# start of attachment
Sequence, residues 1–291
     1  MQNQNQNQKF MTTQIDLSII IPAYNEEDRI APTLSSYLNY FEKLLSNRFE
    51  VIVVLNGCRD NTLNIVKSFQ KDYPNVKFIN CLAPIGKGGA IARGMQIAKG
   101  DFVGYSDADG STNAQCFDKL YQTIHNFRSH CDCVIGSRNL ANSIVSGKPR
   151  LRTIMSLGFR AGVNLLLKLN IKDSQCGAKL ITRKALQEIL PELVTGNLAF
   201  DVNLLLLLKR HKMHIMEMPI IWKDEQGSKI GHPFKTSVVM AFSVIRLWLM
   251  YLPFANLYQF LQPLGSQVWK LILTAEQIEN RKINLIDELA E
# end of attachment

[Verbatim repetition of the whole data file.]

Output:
Sequence, residues 1–291
     1  MQNQNQNQKF MTTQIDLSII IPAYNEEDRI APTLSSYLNY FEKLLSNRFE
    51  VIVVLNGCRD NTLNIVKSFQ KDYPNVKFIN CLAPIGKGGA IARGMQIAKG
   101  DFVGYSDADG STNAQCFDKL YQTIHNFRSH CDCVIGSRNL ANSIVSGKPR
   151  LRTIMSLGFR AGVNLLLKLN IKDSQCGAKL ITRKALQEIL PELVTGNLAF
   201  DVNLLLLLKR HKMHIMEMPI IWKDEQGSKI GHPFKTSVVM AFSVIRLWLM
   251  YLPFANLYQF LQPLGSQVWK LILTAEQIEN RKINLIDELA E